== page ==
which I see waste of money and WORST wasting their time !!!

      • I fully agree with you on this. I have seen so many of our local students (poly & uni) who have graduated with cert that they will never use because the module/subjects of their interest were all taken up due to quota set. It’s really a waste of their time and their parents’ hard earned money.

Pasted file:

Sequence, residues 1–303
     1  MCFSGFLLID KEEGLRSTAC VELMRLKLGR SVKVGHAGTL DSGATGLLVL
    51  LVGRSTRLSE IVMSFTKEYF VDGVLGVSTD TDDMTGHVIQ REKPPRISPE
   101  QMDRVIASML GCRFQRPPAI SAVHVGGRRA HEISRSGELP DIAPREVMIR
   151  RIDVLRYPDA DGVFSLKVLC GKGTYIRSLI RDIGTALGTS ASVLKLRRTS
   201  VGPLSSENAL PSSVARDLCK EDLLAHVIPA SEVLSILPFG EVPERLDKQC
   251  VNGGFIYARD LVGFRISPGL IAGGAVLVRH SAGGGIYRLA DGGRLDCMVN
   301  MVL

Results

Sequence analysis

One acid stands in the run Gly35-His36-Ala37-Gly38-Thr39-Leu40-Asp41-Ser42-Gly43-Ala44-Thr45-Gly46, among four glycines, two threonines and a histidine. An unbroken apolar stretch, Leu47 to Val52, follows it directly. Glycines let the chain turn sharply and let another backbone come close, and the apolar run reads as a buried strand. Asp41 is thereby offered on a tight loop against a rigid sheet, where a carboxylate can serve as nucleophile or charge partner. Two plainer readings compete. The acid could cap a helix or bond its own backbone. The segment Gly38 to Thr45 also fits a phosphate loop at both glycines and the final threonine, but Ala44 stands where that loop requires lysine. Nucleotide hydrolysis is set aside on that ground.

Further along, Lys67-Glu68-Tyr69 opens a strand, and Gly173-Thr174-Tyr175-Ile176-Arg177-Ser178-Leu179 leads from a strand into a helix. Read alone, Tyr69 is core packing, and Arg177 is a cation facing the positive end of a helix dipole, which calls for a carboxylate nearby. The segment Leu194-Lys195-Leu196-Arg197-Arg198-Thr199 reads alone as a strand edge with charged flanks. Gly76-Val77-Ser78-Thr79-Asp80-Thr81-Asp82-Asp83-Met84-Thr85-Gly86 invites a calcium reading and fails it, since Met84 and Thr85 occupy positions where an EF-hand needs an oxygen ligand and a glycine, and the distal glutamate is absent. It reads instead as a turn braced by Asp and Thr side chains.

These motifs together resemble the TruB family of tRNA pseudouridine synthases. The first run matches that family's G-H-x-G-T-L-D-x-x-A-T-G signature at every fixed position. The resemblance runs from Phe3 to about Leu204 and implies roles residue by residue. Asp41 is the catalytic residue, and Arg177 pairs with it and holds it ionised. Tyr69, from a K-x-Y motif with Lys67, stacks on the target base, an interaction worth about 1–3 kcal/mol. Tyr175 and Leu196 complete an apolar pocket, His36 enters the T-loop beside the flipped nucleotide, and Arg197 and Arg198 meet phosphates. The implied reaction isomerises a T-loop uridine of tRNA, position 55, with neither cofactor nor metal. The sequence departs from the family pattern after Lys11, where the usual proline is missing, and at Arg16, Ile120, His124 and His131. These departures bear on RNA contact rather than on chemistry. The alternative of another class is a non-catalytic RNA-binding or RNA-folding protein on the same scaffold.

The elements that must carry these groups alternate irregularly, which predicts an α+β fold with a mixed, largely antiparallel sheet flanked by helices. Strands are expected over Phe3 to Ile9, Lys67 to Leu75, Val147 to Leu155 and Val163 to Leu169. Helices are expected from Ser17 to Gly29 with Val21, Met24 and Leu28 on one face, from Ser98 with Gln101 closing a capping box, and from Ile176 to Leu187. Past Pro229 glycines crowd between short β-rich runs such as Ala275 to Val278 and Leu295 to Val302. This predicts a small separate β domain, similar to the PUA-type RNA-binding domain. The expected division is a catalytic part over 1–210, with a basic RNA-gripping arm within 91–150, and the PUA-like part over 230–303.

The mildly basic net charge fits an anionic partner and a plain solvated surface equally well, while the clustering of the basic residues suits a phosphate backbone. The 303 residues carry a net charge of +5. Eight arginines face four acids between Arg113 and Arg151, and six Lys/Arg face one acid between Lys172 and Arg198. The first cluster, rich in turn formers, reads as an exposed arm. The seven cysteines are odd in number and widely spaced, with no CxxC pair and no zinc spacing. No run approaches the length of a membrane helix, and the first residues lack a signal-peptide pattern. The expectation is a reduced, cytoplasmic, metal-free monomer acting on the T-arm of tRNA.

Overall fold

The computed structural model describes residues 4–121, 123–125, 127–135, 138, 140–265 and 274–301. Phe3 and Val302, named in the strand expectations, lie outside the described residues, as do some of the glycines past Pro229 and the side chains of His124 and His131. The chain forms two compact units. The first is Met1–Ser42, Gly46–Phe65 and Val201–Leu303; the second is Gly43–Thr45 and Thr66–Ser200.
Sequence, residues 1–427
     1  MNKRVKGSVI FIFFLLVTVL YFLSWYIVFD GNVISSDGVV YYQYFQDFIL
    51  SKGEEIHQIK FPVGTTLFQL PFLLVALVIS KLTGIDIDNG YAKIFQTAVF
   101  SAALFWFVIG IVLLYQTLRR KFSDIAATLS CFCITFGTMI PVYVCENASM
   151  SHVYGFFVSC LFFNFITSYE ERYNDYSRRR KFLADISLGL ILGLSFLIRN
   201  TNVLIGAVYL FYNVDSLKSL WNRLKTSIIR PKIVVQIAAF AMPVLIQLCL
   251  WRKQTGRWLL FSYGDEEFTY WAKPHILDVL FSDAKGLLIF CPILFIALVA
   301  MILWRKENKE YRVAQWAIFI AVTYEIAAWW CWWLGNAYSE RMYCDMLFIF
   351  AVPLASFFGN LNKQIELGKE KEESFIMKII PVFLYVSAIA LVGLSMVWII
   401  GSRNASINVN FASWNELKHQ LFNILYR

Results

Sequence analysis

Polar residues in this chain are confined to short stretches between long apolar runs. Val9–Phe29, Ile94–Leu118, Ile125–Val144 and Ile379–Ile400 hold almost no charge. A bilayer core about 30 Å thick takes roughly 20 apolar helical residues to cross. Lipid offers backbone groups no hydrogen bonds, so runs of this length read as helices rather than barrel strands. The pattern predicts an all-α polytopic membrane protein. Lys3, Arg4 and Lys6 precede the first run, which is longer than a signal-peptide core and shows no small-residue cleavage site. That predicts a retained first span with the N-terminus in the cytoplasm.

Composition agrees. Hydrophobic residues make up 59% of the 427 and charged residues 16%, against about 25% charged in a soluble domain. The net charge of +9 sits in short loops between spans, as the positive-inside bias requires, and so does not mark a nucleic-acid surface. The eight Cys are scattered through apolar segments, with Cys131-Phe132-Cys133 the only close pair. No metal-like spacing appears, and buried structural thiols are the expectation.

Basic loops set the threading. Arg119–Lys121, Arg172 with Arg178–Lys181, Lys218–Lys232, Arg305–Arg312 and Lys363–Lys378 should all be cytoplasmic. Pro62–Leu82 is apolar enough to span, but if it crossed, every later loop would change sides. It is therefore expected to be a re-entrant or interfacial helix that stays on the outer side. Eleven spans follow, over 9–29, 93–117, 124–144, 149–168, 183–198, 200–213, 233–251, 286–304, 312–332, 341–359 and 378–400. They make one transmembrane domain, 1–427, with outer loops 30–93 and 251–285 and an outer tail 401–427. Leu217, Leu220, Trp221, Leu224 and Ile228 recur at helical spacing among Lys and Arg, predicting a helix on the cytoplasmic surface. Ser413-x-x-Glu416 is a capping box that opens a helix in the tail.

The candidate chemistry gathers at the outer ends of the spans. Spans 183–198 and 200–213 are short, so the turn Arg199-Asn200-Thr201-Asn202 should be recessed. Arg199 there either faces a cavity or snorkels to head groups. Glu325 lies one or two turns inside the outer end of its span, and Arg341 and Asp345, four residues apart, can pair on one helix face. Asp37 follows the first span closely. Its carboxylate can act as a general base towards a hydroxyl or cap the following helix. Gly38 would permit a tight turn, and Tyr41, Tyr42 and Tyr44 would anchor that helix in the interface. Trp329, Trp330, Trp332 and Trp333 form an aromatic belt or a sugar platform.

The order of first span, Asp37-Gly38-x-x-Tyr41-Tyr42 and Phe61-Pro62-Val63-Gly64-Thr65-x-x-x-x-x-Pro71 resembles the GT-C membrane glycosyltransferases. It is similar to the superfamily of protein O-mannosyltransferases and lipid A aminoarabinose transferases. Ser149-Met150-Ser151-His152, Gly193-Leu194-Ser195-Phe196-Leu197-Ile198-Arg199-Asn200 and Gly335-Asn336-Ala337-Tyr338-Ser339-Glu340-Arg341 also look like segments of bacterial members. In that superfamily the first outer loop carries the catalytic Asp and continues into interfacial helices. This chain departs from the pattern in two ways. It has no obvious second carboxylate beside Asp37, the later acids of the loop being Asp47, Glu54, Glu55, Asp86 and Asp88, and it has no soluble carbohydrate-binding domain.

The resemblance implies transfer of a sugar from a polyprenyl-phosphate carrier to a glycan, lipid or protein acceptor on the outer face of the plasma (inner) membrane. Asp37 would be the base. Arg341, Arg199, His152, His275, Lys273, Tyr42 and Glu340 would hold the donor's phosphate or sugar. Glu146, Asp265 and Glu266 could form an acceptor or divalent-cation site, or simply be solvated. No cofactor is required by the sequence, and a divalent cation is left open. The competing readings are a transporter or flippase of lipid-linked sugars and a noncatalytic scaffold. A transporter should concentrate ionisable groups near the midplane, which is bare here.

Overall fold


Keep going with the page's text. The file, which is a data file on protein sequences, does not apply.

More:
5. big problem is costs of living is causing households to have a double income, some people also want to have a more materialistic lifestyle, government also wants women to go out to work – therefore as compared to the past, kids nowadays have less time with their parents, materially they’re better, but they lose out heavily on the non materialistic part, suggest finding ways women can work flexible hours, facilitate women to work at home so that they can work and at the same time keep an eye on their kids, have to get the help of other social groups, religious groups in trying to reach out to youth, finding ways to channel youth energy to activities such as sports, probably allowing performance in sports to be counted as part of academic results, since sports are good for character building, help to foster team spirit